Tales Of Terror (1962 USA)

The fourth venture into Poe adaptations for Roger Corman and Vincent Price sees them taking on the portmanteau format with a trilogy of creepers.  Somewhat a turning point in the series. Tales of Terror implements a wicked sense of humour for the first time that’ll become more and more a trademark in the later movies. It is usually very difficult to try to adapt Poe stories to film–similar to the difficulty of attempting to adapt H.P. Lovecraft to film. Both authors write very dense, poetic, often abstract prose, and Poe, especially, is sometimes not very plot-oriented. Although each segment in Tales of Terror succeeds in its own way.

Roger Corman’s directorial lavishness served to give the entire a film a certain air of pomposity that lacked from some of his previous efforts, and the varying directorial styles that Corman utilizes throughout the production, are the most prominent reason for the enjoyability of the movie. In the first segment, entitled ‘Morella, Vincent Price stars as Locke, a man traumatised to the point of insanity following the death of his wife (Leona Gage). Locke blames the early passing of his wife solely on his daughter Lenora (Maggie Pierce) and is therefore unimpressed and enraged when she shows up at his door twenty-six years since he last saw her. However, the relationship between the two starts to grow strong, before events take a horrifying turn. Easily the most solemn and horrific of the three stories, ‘Morella is, unfortunately, too short a segment for one to really extract full enjoyment from it.

Of the three vignettes, I enjoyed the Black Cat story the best, particularly with Peter Lorre in full bloom matching wits with Price in a wine tasting challenge. Both actors go a bit over the top in their characterizations, and one might best describe the facial expressions of Fortunato Luchresi as, well, Price-less. (His reaction to being called a “poseur” is a highlight!) The ending was somewhat telegraphed by the frequent appearance of Lorre’s hated black cat, nevertheless an ironically classic Poe ending. The Black Cat, which is Poe’s most conventionally plotted tale out of the three presented here, is also probably the most changed. The changes in this case are surely due to the still lingering studio-imposed moral and content restrictions of the “Golden Era” of Hollywood. The changes are understandable, if still lamentable, in historical context. Corman and Matheson turn Poe’s very dark and somewhat grisly story into more of a comedy for its first half, then more a tale of moral retribution in the second half. It’s a joy to watch in any event, especially seeing Price’s hammy comic performance. The ending of this section is as chilling as the beginning is humourous.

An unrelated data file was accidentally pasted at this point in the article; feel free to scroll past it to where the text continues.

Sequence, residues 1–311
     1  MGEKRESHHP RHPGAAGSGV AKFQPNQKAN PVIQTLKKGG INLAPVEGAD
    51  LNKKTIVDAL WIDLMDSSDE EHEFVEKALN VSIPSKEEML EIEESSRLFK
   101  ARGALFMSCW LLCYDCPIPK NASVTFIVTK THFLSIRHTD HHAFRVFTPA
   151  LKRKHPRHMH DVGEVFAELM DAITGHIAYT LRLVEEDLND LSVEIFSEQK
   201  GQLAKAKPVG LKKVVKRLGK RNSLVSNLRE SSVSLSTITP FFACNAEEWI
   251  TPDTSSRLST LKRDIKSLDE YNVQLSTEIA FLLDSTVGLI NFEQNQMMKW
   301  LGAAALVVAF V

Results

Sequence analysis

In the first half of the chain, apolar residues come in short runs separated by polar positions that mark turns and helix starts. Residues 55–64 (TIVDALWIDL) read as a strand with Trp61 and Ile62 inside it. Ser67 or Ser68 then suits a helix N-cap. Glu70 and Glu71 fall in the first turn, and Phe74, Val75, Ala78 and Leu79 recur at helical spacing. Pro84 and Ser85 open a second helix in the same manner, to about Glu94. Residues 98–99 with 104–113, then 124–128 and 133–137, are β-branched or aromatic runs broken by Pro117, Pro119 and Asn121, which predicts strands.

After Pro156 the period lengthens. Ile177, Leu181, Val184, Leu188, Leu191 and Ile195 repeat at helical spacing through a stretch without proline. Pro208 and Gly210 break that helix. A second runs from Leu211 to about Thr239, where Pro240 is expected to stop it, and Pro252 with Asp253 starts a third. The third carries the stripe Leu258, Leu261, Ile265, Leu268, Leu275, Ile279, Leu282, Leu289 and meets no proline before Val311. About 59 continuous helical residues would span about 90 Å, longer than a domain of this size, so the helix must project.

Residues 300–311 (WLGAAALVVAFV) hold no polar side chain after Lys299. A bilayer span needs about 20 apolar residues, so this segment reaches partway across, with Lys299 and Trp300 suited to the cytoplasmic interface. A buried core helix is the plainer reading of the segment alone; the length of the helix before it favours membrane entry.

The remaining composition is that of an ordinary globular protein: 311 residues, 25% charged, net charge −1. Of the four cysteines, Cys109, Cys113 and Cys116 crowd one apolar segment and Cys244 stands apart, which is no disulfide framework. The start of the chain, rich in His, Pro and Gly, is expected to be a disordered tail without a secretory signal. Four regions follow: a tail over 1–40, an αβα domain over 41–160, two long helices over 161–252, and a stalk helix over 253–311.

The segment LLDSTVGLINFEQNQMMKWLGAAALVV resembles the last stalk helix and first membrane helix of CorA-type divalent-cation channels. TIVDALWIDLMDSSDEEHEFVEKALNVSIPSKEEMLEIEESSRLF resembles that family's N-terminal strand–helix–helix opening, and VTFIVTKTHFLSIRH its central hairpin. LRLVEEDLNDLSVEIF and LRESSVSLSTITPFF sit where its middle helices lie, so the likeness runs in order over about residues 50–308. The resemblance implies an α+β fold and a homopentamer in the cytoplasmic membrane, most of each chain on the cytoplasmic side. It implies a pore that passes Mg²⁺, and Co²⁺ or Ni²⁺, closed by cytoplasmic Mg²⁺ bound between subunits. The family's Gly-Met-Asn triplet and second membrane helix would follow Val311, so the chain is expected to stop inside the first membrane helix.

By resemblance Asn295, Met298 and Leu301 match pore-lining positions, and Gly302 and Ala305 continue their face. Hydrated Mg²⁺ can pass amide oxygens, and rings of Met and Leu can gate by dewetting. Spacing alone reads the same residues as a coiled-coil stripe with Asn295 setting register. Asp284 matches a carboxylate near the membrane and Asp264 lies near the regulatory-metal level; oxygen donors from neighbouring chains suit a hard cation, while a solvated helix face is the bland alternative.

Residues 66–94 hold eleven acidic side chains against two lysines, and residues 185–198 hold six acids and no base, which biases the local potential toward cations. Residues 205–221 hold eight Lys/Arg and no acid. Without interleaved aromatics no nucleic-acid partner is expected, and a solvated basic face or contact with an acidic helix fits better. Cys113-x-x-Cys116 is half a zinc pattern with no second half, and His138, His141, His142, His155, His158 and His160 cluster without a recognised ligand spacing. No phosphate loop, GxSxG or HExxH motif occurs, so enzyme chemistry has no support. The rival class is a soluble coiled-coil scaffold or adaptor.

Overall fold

The Facts in the Case of M. Valdemar, the final part, is perhaps the goriest and definitely the most eerie. It is also extremely disturbing in the sense that it shows, with great pain, what happens when a body dies but the mind still lives, in this case Price being the victim of the witch doctor-like Basil Rathbone. It is the fact that Price considers Rathbone a friend that this ends up being the most evil of all actions in the three stories, because there seems to be no reason for Rathbone’s obsessive desire to keep Price’s mind still alive, in torture with a dead, decomposing body, and it seems to be even more horrific than being buried alive. In watching these Gothic horror films from American International, the viewer can find a ton of entertainment, but there are some elements of each of these stories which classifies women in general in three ways: absolutely evil, absolutely good, and absolutely unfaithful. There are no in betweens for his female characters, while Price’s characters are all urbane, witty, romantic and all of a sudden nefarious. Another aspect of many of these stories is the way Price turns from noble to insane, and the gruesome ways (usually a fire) his characters are dispatched.

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Comments

  1. Excellent review! I can’t believe I almost forgot about this gem, I saw it years ago and thoroughly enjoyed it. You can’t beat a good portmanteau for enjoyment value – I wish they’d produce more nowadays!

    Liked by 1 person

  2. Thank you…yes, we could do with some more. I thought the success of Creepshow in the 80s was a new beginning for portmanteaus but then they just seemed to fade away.

    Like

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